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  1. Sharing the Costs of Fighting Justly.Sara Van Goozen - 2020 - Critical Review of International Social and Political Philosophy 23 (2):233-253.
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  • Terrorism, Jus Post Bellum and the Prospect of Peace.Anne Schwenkenbecher - 2017 - In Florian Demont-Biaggi (ed.), The Nature of Peace and the Morality of Armed Conflict. Basingstoke, UK: Palgrave Macmillan. pp. 123-140.
    Just war scholars are increasingly focusing on the importance of jus post bellum – justice after war – for the legitimacy of military campaigns. Should something akin to jus post bellum standards apply to terrorist campaigns? Assuming that at least some terrorist actors pursue legitimate goals or just causes, do such actors have greater difficulty satisfying the prospect-of-success criterion of Just War Theory than military actors? Further, may the use of the terrorist method as such – state or non-state – (...)
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  • Assuming Risk: A Critical Analysis of a Soldier's Duty to Prevent Collateral Casualties.C. E. Abbate - 2014 - Journal of Military Ethics 13 (1):70-93.
    Recent discussions in the just war literature suggest that soldiers have a duty to assume certain risks in order to protect the lives of all innocent civilians. I challenge this principle of risk by arguing that it is justified neither as a principle that guides the conduct of combat soldiers, nor as a principle that guides commanders in the US military. I demonstrate that the principle of risk fails on the first account because it requires soldiers both to violate their (...)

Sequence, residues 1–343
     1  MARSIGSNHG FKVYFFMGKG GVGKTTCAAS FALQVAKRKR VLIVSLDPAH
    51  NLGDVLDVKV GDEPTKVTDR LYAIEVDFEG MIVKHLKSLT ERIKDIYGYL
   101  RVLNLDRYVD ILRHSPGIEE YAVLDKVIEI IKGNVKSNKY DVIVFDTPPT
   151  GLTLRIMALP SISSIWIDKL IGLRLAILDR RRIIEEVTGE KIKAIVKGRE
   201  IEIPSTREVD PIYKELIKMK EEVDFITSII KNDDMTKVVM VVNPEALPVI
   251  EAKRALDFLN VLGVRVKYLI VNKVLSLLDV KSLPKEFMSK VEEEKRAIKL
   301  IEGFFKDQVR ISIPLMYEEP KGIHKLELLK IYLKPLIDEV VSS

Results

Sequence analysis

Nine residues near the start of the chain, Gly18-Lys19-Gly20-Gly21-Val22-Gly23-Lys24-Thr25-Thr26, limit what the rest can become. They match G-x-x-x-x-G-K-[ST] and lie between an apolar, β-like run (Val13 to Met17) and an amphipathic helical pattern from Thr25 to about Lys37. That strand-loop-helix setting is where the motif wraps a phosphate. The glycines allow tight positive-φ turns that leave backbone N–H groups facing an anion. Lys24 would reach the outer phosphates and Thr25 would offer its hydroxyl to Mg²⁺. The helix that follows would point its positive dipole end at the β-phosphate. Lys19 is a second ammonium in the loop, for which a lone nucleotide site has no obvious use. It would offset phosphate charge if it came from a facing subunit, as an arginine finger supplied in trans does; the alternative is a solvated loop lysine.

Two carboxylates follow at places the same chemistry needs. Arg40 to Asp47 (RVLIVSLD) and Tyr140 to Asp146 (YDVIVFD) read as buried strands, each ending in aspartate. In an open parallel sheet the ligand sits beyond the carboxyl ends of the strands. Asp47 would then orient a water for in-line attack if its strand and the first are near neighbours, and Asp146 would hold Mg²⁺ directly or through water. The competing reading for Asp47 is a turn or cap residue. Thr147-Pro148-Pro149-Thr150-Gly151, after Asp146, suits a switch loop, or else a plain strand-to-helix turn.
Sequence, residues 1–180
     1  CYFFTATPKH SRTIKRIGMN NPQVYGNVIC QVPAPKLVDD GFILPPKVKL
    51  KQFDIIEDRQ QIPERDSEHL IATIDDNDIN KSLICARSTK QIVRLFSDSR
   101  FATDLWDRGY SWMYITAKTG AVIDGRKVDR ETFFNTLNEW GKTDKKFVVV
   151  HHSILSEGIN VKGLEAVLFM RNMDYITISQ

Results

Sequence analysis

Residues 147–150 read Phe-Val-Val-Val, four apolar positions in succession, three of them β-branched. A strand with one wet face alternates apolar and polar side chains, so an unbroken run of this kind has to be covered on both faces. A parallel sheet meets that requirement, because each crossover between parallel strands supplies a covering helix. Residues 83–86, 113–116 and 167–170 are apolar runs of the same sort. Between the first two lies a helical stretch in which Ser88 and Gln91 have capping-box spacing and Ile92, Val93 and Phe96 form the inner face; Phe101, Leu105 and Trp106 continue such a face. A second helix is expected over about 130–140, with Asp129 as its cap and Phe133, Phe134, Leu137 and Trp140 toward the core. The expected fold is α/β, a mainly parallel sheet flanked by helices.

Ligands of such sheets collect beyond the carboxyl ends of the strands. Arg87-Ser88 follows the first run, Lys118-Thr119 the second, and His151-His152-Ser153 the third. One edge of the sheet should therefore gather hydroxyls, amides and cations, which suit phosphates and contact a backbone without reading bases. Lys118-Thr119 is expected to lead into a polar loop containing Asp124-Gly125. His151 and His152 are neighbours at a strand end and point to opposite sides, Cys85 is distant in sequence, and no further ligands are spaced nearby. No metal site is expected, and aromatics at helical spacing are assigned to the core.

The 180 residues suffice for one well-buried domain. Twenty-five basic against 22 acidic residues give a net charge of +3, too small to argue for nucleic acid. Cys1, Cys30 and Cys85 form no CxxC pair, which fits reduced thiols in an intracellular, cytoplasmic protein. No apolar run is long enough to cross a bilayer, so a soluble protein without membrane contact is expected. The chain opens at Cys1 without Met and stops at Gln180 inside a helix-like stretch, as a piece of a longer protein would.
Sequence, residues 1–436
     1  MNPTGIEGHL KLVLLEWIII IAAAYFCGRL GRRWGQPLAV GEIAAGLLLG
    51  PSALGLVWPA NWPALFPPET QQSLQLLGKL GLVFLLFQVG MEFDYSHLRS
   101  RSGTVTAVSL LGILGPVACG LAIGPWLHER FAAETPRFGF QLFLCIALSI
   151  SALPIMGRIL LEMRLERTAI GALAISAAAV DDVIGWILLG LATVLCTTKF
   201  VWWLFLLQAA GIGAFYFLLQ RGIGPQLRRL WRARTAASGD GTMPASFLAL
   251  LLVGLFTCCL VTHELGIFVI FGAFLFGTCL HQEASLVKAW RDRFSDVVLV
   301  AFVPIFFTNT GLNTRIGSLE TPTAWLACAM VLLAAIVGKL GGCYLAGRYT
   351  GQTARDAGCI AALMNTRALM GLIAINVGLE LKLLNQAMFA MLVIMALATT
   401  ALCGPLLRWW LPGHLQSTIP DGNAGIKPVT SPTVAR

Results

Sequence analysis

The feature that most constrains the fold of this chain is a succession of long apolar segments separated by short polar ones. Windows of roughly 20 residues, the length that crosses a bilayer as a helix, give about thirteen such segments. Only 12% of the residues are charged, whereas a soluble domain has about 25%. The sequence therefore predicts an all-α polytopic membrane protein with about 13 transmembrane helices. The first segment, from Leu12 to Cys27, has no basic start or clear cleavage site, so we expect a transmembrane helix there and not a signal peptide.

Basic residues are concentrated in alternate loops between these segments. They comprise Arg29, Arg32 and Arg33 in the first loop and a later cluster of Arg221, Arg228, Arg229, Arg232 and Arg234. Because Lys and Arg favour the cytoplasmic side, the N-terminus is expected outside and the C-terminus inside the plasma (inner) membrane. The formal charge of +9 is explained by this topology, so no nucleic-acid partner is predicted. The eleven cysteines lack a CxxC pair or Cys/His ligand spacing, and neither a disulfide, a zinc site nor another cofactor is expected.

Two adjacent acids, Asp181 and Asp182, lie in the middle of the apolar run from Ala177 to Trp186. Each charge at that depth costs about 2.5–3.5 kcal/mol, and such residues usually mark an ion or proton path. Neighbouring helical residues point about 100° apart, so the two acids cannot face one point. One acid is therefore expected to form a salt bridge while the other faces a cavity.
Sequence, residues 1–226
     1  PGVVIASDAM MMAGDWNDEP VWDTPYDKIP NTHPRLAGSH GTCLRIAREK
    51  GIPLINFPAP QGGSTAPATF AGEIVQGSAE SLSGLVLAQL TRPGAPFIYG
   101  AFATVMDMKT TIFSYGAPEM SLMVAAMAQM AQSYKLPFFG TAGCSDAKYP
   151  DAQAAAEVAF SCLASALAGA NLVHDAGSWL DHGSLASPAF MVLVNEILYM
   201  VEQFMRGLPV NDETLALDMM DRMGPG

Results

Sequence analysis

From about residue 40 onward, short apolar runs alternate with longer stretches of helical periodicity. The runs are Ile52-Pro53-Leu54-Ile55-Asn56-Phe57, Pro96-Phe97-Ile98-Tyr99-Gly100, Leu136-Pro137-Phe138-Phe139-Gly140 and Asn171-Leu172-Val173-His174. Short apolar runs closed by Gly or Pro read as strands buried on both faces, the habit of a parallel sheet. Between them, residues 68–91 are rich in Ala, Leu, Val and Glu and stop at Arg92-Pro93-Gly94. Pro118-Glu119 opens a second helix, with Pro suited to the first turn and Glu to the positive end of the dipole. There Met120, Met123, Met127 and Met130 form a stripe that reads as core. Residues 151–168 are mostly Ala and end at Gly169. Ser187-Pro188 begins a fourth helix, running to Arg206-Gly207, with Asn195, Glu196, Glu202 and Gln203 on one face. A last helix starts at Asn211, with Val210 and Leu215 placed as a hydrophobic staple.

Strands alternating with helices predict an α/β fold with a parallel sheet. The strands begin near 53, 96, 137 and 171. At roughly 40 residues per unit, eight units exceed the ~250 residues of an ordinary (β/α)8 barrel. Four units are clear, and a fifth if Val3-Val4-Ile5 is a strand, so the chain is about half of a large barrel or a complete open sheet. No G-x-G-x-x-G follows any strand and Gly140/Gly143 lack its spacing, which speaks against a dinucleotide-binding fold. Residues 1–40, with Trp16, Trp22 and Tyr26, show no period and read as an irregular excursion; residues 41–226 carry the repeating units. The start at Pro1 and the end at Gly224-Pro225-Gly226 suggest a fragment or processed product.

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  • Sharing the Costs of Fighting Justly.Sara Van Goozen - 2018 - Critical Review of International Social and Political Philosophy:1-21.
    Combatants who attempt to obey the laws of war often have to take considerable risks in order to effectively discriminate between legitimate and illegitimate targets. Sometimes this task is made even more complicated by systemic factors which influence their ability to discriminate effectively without unduly risking their lives or the mission. If they fail to do so, civilians often pay the price. In this paper, I argue that to the extent that non-combatants benefit from the attempt to fight justly, and (...)
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  • When Manipulation Gets Personal.Vishnu Sridharan - 2016 - Australasian Journal of Philosophy 94 (3):464-478.
    Many accounts of moral responsibility have emerged recently that question the importance of conscious choice for moral responsibility. Instead of this ‘volitional’ requirement, these ‘attributionist’ accounts claim that agents are responsible for their actions when their actions reflect who they are and what they value. This paper argues that attributionist accounts are too quick to dismiss the connection between volition and moral responsibility. By excising conscious control from their accounts, attributionists leave open the undesirable possibility that an agent may fulfil (...)
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